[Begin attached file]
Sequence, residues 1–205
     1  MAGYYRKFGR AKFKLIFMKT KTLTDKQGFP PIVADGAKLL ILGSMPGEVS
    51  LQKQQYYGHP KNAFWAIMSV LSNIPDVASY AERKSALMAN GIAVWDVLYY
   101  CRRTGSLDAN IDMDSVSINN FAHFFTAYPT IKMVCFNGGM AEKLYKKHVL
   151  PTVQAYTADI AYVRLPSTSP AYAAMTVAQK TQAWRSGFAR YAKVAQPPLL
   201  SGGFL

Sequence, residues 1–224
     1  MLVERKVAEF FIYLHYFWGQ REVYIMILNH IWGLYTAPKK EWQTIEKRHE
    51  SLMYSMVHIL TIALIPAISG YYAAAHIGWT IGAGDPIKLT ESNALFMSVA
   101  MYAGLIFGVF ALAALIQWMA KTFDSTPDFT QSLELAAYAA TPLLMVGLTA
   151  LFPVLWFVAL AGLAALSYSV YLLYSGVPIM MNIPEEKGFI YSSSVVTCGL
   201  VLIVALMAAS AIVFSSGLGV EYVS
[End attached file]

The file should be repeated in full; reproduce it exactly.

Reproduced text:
Sequence, residues 1–205
     1  MAGYYRKFGR AKFKLIFMKT KTLTDKQGFP PIVADGAKLL ILGSMPGEVS
    51  LQKQQYYGHP KNAFWAIMSV LSNIPDVASY AERKSALMAN GIAVWDVLYY
   101  CRRTGSLDAN IDMDSVSINN FAHFFTAYPT IKMVCFNGGM AEKLYKKHVL
   151  PTVQAYTADI AYVRLPSTSP AYAAMTVAQK TQAWRSGFAR YAKVAQPPLL
   201  SGGFL

Sequence, residues 1–224
     1  MLVERKVAEF FIYLHYFWGQ REVYIMILNH IWGLYTAPKK EWQTIEKRHE
    51  SLMYSMVHIL TIALIPAISG YYAAAHIGWT IGAGDPIKLT ESNALFMSVA
   101  MYAGLIFGVF ALAALIQWMA KTFDSTPDFT QSLELAAYAA TPLLMVGLTA
   151  LFPVLWFVAL AGLAALSYSV YLLYSGVPIM MNIPEEKGFI YSSSVVTCGL
   201  VLIVALMAAS AIVFSSGLGV EYVS